Newswise — Indiana University School of Medicine scientists and physicians brought in more than $135 million in research funding from the National Institutes of Health (NIH) in federal fiscal year 2017 – setting a school record and advancing IU into the top 33 NIH-funded medical schools in the nation. This represents a 40 percent increase in NIH funding over the past four years, and a more than 13 percent increase compared to 2016. In total, the school brought in over $316 million in research funding from all sources in calendar year 2017.

"The dramatic increase we've seen in our NIH and other funding is a tribute to our faculty,” said Jay L. Hess, MD, PhD, MHSA, dean of IU School of Medicine and vice president for University Clinical Affairs at IU. "Through focusing our efforts in key areas of neuroscience, cancer, diabetes, child health and others, thinking creatively and working collaboratively, our faculty is growing our research in areas of critical need, with the ultimate goal of making lives better for patients.”

Anantha Shekhar, MD, PhD, executive associate dean for research affairs at IU School of Medicine and associate vice president of research for University Clinical Affairs at IU, said that in addition to talented faculty, the increase in NIH funding also can be attributed to the number of programs now available to help IU School of Medicine researchers submit better proposals, including a mentoring program for junior faculty members, committees of faculty peers who can help review grant applications and providing a wide variety of core services that give researchers access to expertise such as biostatistics and 3D imaging.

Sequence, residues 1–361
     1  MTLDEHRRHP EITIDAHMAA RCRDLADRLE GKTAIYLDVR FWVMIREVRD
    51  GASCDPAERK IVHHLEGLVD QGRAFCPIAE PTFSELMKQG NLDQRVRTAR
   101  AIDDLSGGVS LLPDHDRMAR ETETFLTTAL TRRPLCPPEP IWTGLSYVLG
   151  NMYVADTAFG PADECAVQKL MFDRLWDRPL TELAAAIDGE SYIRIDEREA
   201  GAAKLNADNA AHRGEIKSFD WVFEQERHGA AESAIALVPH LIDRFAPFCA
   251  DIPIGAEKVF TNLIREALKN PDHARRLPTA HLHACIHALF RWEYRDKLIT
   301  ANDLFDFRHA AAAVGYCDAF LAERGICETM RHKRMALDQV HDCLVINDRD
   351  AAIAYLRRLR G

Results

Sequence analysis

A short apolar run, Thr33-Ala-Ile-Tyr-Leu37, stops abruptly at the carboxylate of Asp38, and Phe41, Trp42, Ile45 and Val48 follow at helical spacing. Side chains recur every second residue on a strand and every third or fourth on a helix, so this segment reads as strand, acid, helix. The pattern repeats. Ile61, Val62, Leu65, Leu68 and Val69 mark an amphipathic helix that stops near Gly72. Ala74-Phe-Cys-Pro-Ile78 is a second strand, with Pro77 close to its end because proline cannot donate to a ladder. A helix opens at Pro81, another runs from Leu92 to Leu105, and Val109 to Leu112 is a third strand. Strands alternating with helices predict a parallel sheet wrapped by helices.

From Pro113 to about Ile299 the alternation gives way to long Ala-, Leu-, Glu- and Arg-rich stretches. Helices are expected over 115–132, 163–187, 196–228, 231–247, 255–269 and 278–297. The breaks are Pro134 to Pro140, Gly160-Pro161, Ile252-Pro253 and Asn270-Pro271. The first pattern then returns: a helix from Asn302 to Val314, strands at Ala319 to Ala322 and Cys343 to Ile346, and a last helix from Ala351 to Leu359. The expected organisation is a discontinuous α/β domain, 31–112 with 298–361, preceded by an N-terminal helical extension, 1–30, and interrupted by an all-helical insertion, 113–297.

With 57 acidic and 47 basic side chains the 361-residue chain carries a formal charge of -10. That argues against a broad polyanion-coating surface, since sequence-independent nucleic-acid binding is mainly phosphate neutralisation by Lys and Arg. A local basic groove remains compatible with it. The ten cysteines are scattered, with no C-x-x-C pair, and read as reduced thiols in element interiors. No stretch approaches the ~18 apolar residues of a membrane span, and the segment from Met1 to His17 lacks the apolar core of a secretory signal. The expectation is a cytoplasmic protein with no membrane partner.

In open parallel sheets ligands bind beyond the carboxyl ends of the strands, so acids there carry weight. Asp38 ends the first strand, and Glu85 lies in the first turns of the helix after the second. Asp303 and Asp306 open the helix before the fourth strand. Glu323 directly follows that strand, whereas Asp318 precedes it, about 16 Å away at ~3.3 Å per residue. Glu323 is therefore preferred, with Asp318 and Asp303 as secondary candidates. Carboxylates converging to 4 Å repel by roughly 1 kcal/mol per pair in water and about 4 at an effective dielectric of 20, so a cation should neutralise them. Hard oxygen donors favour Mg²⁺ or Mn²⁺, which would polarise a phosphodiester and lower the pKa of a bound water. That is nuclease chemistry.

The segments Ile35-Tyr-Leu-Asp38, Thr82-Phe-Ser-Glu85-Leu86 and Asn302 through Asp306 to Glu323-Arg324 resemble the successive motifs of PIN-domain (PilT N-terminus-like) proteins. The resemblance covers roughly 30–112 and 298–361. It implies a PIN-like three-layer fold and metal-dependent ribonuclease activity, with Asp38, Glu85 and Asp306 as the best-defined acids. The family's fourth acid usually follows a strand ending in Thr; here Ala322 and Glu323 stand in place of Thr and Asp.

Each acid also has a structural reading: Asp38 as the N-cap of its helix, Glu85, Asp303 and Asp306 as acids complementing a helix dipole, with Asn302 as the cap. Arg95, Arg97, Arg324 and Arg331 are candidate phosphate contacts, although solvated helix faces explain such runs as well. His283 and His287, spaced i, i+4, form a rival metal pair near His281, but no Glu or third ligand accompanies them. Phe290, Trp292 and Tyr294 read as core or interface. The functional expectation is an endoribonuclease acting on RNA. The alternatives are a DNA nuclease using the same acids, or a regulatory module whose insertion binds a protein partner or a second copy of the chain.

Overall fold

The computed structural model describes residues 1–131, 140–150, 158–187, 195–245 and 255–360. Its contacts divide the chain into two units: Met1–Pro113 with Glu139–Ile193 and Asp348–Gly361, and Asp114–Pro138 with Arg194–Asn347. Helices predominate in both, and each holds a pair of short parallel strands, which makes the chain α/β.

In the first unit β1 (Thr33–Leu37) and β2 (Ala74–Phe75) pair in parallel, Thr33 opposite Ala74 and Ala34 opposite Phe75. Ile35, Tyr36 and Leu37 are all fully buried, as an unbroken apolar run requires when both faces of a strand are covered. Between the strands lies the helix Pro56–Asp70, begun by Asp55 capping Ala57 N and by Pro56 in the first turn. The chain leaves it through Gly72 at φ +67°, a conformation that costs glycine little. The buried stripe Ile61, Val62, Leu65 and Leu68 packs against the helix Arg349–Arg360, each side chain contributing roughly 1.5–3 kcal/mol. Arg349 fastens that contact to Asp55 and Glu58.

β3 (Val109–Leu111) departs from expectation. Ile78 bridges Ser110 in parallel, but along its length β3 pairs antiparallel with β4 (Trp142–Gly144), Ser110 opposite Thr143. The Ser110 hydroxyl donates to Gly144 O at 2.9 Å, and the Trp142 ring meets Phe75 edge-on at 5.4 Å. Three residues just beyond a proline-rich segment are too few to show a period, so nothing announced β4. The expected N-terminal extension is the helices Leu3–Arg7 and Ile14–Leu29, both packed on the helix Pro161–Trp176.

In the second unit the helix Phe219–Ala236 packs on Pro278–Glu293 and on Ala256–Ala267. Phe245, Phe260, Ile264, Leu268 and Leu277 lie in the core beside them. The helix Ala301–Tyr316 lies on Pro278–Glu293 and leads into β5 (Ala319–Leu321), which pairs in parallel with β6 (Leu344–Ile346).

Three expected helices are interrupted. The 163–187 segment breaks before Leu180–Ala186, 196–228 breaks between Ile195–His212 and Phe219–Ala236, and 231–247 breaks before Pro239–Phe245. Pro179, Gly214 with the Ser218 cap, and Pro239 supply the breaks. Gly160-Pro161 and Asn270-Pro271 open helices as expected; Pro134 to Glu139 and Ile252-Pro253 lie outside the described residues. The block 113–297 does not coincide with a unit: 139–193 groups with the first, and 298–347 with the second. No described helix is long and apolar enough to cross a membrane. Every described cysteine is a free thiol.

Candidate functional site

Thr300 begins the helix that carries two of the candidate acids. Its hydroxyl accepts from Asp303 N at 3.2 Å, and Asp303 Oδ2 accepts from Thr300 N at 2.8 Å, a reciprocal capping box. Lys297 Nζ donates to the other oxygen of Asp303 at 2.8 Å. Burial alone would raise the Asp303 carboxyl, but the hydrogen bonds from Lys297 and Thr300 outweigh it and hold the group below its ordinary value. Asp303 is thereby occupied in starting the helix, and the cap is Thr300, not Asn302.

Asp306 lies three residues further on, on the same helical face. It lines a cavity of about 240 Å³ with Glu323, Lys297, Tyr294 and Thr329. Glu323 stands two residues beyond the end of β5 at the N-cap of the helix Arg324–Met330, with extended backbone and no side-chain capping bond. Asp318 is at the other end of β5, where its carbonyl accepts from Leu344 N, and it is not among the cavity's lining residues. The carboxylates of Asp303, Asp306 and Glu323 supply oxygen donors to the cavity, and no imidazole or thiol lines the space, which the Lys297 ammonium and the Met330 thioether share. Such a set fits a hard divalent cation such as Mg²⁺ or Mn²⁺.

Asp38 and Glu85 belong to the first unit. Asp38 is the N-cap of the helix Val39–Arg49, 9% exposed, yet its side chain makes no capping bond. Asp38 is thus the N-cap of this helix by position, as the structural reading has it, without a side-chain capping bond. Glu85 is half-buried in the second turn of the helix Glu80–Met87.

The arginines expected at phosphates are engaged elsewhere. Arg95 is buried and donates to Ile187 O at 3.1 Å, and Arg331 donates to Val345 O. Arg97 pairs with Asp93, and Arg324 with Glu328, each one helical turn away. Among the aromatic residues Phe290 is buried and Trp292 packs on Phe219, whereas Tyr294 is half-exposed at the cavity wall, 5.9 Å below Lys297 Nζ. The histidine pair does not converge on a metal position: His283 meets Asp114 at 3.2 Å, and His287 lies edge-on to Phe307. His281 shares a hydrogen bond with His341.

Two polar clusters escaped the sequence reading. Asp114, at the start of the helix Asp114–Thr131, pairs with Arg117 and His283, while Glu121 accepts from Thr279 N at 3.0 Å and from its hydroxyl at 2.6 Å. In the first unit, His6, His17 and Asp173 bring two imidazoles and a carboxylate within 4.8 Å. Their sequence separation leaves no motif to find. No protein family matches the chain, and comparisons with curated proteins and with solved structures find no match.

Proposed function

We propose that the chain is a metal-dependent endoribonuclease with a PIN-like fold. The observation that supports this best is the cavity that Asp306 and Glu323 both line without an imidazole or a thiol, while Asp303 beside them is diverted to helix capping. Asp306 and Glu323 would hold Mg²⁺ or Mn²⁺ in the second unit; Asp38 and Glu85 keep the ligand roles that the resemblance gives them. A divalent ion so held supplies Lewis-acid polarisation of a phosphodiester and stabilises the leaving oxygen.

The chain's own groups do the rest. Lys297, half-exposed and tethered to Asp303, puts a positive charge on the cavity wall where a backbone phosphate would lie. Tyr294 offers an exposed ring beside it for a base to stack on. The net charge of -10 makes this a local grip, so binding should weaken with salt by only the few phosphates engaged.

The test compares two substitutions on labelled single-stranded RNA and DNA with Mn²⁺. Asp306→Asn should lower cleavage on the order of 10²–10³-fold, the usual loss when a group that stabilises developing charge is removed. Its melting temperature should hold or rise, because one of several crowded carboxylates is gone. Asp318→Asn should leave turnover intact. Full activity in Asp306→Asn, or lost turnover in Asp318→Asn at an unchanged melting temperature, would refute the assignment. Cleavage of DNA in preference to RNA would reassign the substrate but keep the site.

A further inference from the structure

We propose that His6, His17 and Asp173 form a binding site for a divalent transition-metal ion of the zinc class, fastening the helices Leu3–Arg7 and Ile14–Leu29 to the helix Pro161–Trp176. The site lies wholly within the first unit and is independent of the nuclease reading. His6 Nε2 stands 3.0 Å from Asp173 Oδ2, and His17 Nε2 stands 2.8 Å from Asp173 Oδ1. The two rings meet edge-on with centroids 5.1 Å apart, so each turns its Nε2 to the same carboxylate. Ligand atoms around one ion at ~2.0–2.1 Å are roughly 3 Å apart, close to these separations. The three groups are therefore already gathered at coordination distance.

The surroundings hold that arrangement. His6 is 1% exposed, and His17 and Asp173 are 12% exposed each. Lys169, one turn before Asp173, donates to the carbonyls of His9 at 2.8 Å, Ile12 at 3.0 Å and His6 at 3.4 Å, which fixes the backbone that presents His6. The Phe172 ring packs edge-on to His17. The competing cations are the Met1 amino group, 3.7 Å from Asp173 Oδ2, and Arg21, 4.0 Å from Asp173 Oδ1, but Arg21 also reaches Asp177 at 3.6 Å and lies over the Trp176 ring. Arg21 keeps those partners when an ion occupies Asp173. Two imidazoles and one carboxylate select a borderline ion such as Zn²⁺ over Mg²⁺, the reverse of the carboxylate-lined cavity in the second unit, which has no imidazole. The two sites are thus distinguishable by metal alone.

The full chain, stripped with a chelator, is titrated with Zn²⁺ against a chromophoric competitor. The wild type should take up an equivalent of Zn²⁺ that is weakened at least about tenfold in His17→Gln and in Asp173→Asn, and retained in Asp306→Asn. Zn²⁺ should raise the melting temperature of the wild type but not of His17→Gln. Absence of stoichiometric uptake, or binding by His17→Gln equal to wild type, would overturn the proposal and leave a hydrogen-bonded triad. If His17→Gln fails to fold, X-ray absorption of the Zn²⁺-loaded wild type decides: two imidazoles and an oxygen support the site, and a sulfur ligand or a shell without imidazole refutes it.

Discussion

IU School of Medicine researchers’ work and the dollars they attract to Indiana not only advance research and innovations that lead to better patient care, they also drive economic impact in the state.

According to a 2011 study by the Association of American Medical Colleges, for every dollar invested in research at medical school and teaching hospitals, $2.60 of economic activity occurs through both direct spending by the schools and their employees, as well as money “re-spent” within the local community.

“NIH funding has multiplier effects,” Dr. Shekhar said. “It provides direct funds to hire more people to work on different research projects, so it creates jobs. It increases discoveries and potential commercial ideas that have an impact on the local biomedical industry. Increased funding also helps IU School of Medicine become a stronger environment for research, attracting more scientists to come here and develop their own labs and companies.”

See a list of IU School of Medicine's Top 10 Largest NIH Grants of 2017.